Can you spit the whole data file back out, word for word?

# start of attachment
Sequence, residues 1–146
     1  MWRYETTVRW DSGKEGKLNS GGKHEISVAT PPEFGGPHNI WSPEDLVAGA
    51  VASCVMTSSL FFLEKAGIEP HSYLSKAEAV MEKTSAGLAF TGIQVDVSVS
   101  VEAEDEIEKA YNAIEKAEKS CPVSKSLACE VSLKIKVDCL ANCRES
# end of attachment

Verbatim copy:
Sequence, residues 1–146
     1  MWRYETTVRW DSGKEGKLNS GGKHEISVAT PPEFGGPHNI WSPEDLVAGA
    51  VASCVMTSSL FFLEKAGIEP HSYLSKAEAV MEKTSAGLAF TGIQVDVSVS
   101  VEAEDEIEKA YNAIEKAEKS CPVSKSLACE VSLKIKVDCL ANCRES